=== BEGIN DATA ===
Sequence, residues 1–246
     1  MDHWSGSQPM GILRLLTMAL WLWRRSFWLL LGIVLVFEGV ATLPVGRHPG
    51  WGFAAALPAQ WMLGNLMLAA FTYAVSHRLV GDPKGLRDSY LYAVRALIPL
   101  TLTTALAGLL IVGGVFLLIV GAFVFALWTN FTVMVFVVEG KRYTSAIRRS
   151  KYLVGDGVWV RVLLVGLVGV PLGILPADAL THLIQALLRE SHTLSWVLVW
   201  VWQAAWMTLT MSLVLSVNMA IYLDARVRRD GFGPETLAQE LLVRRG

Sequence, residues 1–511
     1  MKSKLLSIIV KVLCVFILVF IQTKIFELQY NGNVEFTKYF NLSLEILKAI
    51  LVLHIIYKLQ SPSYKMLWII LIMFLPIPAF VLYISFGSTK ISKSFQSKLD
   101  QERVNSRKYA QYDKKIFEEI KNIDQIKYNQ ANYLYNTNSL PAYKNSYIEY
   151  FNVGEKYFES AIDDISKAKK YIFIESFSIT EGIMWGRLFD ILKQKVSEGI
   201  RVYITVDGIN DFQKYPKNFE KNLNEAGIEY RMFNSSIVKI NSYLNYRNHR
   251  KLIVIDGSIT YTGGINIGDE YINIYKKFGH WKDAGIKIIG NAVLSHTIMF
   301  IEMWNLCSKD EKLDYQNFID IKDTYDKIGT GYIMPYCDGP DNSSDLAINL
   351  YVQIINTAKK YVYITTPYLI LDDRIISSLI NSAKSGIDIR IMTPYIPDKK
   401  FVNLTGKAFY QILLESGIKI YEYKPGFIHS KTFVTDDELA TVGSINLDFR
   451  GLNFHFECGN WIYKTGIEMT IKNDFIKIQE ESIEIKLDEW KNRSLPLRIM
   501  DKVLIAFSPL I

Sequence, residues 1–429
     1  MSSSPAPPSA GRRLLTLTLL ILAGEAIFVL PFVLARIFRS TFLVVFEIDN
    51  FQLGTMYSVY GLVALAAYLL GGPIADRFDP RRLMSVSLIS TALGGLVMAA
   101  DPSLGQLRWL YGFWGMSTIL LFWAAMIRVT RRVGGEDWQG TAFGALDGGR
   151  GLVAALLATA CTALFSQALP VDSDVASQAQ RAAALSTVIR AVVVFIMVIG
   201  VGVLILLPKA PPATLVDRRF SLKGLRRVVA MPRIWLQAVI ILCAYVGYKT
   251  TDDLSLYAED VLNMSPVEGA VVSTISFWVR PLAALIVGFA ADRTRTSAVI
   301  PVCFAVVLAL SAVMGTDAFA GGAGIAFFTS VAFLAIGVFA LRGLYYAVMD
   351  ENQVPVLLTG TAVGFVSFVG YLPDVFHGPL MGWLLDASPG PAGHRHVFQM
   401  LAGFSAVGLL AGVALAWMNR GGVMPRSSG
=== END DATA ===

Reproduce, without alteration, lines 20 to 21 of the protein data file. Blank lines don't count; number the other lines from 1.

     1  MSSSPAPPSA GRRLLTLTLL ILAGEAIFVL PFVLARIFRS TFLVVFEIDN
    51  FQLGTMYSVY GLVALAAYLL GGPIADRFDP RRLMSVSLIS TALGGLVMAA